Portraits and names and areas of Art from the Ukraine and the Russian Federation and how we can all contribute towards the dialogue to establish peace in the Ukraine.

·       Stellenbosch University choir wins 3x gold in Sochi (p 2)

·       Russian – Ukrainian dialogues

·       Russian and Ukrainian film makers (P 3)

·       Russian and Ukrainian poets / Artists

·       Russian and Ukrainian (classical) composers (P 5)

·       Handbook on Ukrainian Poetry and Literature (till 1992) (P 7)

·       Poetic reflections on Ukraine by Jos Koetsier (P 8)

-          Touching a Lifesaving Archetypical Raft
-          Worthy Words

Version of Monday 15 August 2016, 12:36PM

Here is the special file that I promised to email to you! I have listed the poets in my presentation and a few other artists whom I could not give credit due to the time restrictions and to avoid overload.

To respect the copyright issues I have not reproduced any of the poetry besides my own. A lot is available for ‘consultation’ on the internet though. I have added where possible the available links.
I respectfully ask you to consider the copyright of the poets and their translators.

The file lists names and areas of Art from the Ukraine and the Russian Federation.
I hope that by sharing these rich gifts of literature. Please share with others to contribute to a dialogue and the establishment of peace in the Ukraine and the Russian Federation.

Jos Koetsier
Somerset West, Wednesday 15 August 2016 (Independence Day of India)

Follow the links towards enrichment

Stellenbosch University choir wins 3x gold in Sochi in the Russian Federation

Stellenbosch university choir wins gold in Russia

Russian Ukrainian dialogues

Ukraine crisis: Russian and Ukrainian cultural figures respond, 3 March 2014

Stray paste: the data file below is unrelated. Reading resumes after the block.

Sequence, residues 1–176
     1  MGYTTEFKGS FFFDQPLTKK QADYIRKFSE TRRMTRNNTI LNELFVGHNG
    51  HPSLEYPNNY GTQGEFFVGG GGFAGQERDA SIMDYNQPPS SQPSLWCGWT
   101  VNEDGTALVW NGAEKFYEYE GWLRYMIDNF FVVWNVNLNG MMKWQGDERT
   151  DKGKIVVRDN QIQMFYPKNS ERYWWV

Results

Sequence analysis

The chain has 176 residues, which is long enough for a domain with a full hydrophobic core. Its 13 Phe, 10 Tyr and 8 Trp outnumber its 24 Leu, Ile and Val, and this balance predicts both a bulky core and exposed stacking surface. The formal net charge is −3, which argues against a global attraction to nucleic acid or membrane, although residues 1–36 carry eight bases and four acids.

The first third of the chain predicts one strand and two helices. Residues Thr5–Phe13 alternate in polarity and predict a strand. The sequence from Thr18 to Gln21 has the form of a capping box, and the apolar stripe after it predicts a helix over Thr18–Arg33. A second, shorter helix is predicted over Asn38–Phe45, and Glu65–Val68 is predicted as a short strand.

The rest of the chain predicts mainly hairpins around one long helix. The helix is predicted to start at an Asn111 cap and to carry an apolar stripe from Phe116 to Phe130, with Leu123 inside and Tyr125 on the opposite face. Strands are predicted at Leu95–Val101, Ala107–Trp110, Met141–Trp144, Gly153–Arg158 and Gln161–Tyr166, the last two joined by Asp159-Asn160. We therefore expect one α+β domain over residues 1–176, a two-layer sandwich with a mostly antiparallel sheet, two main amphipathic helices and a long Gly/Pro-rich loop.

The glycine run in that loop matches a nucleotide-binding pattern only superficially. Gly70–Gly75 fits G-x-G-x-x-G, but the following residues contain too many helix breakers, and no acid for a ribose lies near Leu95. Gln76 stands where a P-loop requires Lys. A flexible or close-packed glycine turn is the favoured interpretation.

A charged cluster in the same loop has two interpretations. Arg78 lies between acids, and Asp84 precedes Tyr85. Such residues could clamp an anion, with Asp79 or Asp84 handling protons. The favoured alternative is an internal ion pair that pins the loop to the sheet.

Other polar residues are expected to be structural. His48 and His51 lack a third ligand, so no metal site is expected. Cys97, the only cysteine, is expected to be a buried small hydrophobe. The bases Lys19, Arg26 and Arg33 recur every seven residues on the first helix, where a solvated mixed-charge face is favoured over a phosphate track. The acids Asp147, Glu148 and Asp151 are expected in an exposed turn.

JULY 15, 2016, A Prayer for Peace in Ukraine, By Halyna Mokrushyna

Russian and Ukrainian film makers

On YouTube you will find trailers and sometimes the complete films of the film makers quoted below.

Sergej Paradjanov (1924-1990) - Georgia, Armenia, Ukraine

Oleg Sentsov (1976 - ) Ukraine-Crimea

Alexander Sokurov (1951- ) - USSR/Russian Federation (trailer Alexandra), plays in a Russian Army camp and deals with issues of masculinity and feminity and humanity beyond politics).

Andrej Tarkovski (1932-1986) USSR

The Mirror (with poetry of Tarkovsky’s father ‘Arseny Tarkovsky) (1975)

Nostalgia (1983)

Andrej Zvyagintsev (1964- ) - USSR /Russian Federation

Russian and Ukrainian Poets / Artists

Paul Celan (1920-1970) Ukraine – Czernowitz/ Paris

Anastasia Dmitruk (1991- ) Ukraine-Kiev
‘Never will we be brothers’ (2014)

Her song ‘Never will we be brothers’ (2014) became a famous lyric and was also put on music by a pop-group: (reading by Anastasia Dmitruk and the Music with a group of Musician from Klaipėda in Lithuania)

Hryhory Chubai (1949 - 1982) Ukraine, Kiev
Коли до губ твоїх лишається півподиху,
When I am half a breath from you,

Ivan Franco (1857-1916) Ukraine-Lviv

Language Cultures of Odessa:

Susana Alimivna Jamaladinova (Jamala) (1983- ), Ukraine – Osh Kirghiz SSR, USSR – Crimea
Singer and poet
Winning song 1944 (2016) Eurovision Song Contest 2016 Stockholm
Boris Khersonskiy (1950 - ) Ukraine – Odessa
Evening of Ukrainian poetry - Boris Khersonskiy (English introduction, readings in Russian)
Published on Oct 26, 2014
Boris Khersonsky reads from his book "Mass in the time of war": The first ever machines were invented for wars...; To live. To let the clocks and seasons...; And then again, the chill...; The Sun of History’s rising...; Lamb of God.

Борис Херсонский читает из своей книги "Месса во время войны": Первыми механизмами были машины войны...; Жить. Не сверять часов и календарных дат...; Опять же холода, окраины зимы...; Восходит Солнце Истории...; Агнец Божий.

Boris Khersonskiy: a poet. Born in Chernovtsy (Ukraine), he now lives in Odessa (Ukraine). Graduated from Odessa Medical Institute with a psychologist degree. Head of Department of clinical psychology in Odessa National University, the author of monographs in psychology and psychiatry. Literary publications in a number of journals, twelve books of poetry (nine published in Odessa, three in Moscow) and two books of poetical transcriptions of Psalms. Laureate of Brodsky's fund grant (2008), Literaris book prize (for Family archive collection of poems, 2010), short-listed for Andrey Bely award (2007).

Poems Boris Khersonskiy:
Prayer (1) (2) and (3)
Ekuriany 1923; Tashkent 1944

Taras Shevchenko (1814-1861) – Ukraine-Kaniv-Odenburg (exile)

Leonid Tishkov, artist (1953- ) Russia – Moscow, quoting John Lennon

Ukrainian poets Source files on lyrikline (German site)
1102 Poets from many countries including Ukraine in alphabetical order. The poems are not always available in English translation. Besides English versions there are translation in German, French, Spanish, Slovenian and Russian.